6. Hugs, The Handshake of the South

17 Nov

Try a European-style cheek kiss on a Southerner, and you’re liable to get yourself slapped. Much like the word “aloha,” hugs have dual meanings. Hug hello. Hug goodbye. And if you do something nice for a Southerner, they will jump up and “hug your neck.” Don’t worry, they don’t actually hug your neck (which could be confused with, uh, strangling). It’s just an expression.

Now in a business setting, the handshake is standard. Please don’t go hugging clients or potential employers. But if you’re meeting a relative or even a friend-of-a-friend, you may quickly find yourself in a spontaneous embrace. This does not mean they like-like you. Heck, they might not even like you at all. But they will hug you all the same.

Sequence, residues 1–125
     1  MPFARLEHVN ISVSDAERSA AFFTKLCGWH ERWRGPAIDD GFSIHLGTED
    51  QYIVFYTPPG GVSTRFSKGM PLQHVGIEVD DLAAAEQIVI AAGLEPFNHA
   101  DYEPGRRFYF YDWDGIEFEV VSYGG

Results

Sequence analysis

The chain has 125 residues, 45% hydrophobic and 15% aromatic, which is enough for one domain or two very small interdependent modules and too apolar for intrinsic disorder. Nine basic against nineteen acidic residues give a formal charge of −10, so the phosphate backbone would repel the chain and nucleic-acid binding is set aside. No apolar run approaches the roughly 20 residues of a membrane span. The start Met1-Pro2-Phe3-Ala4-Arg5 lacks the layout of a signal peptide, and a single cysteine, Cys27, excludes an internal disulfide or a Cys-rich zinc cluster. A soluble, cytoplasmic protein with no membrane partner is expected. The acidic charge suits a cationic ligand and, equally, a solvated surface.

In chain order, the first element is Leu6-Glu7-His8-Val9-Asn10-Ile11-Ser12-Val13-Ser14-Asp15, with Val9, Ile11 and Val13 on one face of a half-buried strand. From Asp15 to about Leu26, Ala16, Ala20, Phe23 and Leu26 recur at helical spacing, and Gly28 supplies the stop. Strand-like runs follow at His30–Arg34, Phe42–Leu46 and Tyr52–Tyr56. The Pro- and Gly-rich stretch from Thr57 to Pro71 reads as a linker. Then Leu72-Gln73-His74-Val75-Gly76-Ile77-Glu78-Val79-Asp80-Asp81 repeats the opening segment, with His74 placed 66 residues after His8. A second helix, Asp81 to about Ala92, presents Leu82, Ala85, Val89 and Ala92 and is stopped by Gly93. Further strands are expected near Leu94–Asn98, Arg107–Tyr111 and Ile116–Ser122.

If you’re of the frostier, non touchy-feely persuasion, don’t call attention to yourself by trying to avoid the hug. Just close your eyes and think of England. It will be over soon. Of course, you’ll want to slip away from the gathering unnoticed to avoid further friendly fondling. Then again, you might learn to like it.

Are you a hugger? How long do you have to know somebody before a hug seems appropriate?

One Response to “6. Hugs, The Handshake of the South”


  1. 89. Dinner on the Ground « stuff southern people like - March 24, 2011

    […] them lavishly, and ask for the recipe. Don’t be surprised if you’re swept up in a spontaneous hug. Many Southerners equate food with love, so if you love what they cook, they’re sure to love you […]

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